_Intuitively, we know that if we show up at work after a poor night’s sleep for whatever reason, we are usually not optimally productive. But just how does sleep disturbances affect the workplace? _
No conjecturing here, someone has actually measured its financial impact. In a study published in the Journal of Occupational Environmental Medicine over 4,000 employees were surveyed about sleep patterns and paired up with productivity changes. The subjects were classified into four groups: insomnia, insufficient sleep syndrome (the most common sleep disorder nationwide), at risk, and normal sleep. Not surprisingly, the insomnia and insufficient sleep groups had significantly worse productivity performance.
A compelling finding of this study was the measured losses in dollars and they were estimated to be about $2000 per employee ($1967.00 to be exact) per year.
This finding has not gone unnoticed by large employers nationwide, and there is an active effort to address this issue and take measures to deal with it. It’s important to recognize that it’s not always the employer at fault; employees are also making decisions that impact their sleep habits.
What is mostly responsible for workplace drowsiness?
It’s largely a cultural phenomenon. Many of us enjoy too many late nights due to extra-curricular activities after work, while sometimes we work too late hours on too many days. Sometimes it’s simply the burden of work combined with raising a family.
However, embedded in western culture is the need to fit as much as we can in our lives, in addition to our professional workload commitments. The effects can range from missed work days, to unprovoked irritability, to long-term consequences including chronic health issues like memory loss, high blood pressure, obesity and depression.
How much responsibility lies with the employer and how much rests on the individual?
Employers are required to do only what is legally defined as “reasonable accommodation to achieve safety in the workplace.” Ultimately, it is the value of the employee that will motivate the employer to go beyond that baseline level of responsibility and accommodation. Valued employees may be allowed to keep more regular hours, while most employees may be expected to stay late, repeatedly, to finish work assignments.
What this means for the individual is that an effort must be made to realize the consequences of (sleep) behavior and measures must be taken to correct sleep deprivation. It’s only recently that the health and productivity consequences of sleep deficit have been recognized and identified. You can read more about the consequences of sleep deprivation in certain professions.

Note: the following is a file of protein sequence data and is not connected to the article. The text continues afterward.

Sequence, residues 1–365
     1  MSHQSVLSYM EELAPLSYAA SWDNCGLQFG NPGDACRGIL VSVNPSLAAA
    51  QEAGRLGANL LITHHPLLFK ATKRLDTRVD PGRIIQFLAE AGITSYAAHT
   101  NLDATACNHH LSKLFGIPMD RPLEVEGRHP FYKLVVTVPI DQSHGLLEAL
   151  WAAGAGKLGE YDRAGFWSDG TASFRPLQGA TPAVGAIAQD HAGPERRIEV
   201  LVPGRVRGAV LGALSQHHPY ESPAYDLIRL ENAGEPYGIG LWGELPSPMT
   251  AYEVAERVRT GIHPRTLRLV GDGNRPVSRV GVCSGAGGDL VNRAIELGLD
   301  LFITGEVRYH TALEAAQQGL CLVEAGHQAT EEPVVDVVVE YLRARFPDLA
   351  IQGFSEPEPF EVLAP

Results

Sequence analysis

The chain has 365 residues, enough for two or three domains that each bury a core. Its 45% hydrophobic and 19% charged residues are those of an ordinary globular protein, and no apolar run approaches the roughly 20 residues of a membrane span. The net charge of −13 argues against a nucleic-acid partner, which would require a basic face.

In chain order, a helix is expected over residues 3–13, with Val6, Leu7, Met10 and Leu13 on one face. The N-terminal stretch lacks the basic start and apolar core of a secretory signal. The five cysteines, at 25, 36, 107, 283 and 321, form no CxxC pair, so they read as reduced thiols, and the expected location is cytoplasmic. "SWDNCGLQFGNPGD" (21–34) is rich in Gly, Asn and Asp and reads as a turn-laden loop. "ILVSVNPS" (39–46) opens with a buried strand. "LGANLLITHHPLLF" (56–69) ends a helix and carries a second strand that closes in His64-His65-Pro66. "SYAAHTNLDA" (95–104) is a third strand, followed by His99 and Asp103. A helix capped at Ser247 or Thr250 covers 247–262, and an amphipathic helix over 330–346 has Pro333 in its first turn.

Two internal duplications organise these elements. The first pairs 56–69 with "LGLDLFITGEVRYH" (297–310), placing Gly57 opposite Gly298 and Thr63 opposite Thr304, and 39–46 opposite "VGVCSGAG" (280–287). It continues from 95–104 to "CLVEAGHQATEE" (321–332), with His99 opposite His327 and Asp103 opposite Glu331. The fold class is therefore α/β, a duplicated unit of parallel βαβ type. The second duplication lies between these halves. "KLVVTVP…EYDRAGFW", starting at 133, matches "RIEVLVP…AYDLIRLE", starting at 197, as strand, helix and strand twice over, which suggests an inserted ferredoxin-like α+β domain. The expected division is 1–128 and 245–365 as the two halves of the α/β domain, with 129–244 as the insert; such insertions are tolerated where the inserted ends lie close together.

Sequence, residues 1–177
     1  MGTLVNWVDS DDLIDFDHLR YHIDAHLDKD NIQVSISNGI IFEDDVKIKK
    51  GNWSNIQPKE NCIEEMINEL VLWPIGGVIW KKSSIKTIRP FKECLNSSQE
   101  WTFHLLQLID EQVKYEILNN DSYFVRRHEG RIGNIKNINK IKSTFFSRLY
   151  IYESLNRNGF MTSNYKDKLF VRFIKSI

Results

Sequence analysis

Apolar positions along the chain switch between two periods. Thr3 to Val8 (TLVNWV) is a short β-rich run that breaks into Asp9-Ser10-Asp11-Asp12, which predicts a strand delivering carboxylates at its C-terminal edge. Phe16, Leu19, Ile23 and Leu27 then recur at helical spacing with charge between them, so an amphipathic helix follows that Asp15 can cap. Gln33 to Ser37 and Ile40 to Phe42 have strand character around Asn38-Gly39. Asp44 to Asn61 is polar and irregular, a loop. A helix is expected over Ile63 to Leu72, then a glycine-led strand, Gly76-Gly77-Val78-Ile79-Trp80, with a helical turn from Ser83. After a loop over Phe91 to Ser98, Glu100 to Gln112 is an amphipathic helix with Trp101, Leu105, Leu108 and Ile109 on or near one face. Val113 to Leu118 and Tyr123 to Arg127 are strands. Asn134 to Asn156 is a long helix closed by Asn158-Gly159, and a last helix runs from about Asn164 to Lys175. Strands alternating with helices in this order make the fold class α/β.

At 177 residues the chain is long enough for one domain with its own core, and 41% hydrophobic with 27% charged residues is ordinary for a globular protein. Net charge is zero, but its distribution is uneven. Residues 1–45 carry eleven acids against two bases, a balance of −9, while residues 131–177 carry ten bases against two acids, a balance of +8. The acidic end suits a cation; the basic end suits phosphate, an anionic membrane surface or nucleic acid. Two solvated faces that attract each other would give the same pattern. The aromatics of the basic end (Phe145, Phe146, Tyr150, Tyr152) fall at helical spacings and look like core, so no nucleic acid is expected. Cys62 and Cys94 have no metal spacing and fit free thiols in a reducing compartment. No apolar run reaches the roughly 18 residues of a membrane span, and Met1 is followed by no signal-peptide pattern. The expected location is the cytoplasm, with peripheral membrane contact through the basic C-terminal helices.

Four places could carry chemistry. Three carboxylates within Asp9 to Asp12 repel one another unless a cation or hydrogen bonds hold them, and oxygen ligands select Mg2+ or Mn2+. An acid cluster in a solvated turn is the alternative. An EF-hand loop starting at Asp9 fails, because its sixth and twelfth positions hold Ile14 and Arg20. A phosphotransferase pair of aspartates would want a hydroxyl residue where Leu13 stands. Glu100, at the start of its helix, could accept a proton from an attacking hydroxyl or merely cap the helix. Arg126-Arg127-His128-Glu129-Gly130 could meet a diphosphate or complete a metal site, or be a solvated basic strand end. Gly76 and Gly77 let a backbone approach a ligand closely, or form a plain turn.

Try not to sit all day long. Standing up periodically helps to mobilize blood flow and increases blood circulation to the brain.
Make sure there is ample bright light shining on your workstation or desk. As I’ve mentioned in past shareposts, light is the most potent inhibitor of melatonin secretion, the hormone that regulates sleep.
It is a good idea to take short naps during the day. Early afternoon is an optimal time, when there is a normal dip in the circadian rhythm. Some companies like Google and HubsSpot have realized the value of daytime naps and have installed “nap spaces” in their offices. A short nap during a busy day improves alertness and productivity.
Take your meal and snack breaks in different areas of the office. It has been shown that having lunch and other breaks away from your work desk improves productivity. Obviously, taking a quick walk break can also help to energize you.
Can coffee or regular tea with caffeine help limit workplace drowsiness?** The facts:** Coffee has four times more caffeine per cup compared to tea. Tea does contain theophylline which can help to dilate airways and improve breathing. Being awake and breathing more deeply will allow oxygen to flow to your brain more effectively. Caffeine is also water soluble, so its effects last less time than those that tea provides. I have mentioned coffee in previous articles on driving drowsy as a temporary fix, if you can wait for it to kick in. Coffee is not a permanent fix for sleep deficit or chronic drowsiness.
Ultimately, it’s important for you to consider your health and manage your sleep needs because your health, and secondly your productivity at work, are both important considerations. Without question, your health comes first.
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Eli Hendel, M.D., is a board-certified internist/pulmonary specialist with board certification in Sleep Medicine. An Assistant Clinical Professor of Medicine at Keck-University of Southern California School of Medicine, and Qualified Medical Examiner for the State of California Department of Industrial Relations, his areas include asthma, COPD, sleep disorders, obstructive sleep apnea, and occupational lung diseases. Favorite hobby? Playing jazz music. Find him on Twitter @Lung_doctor.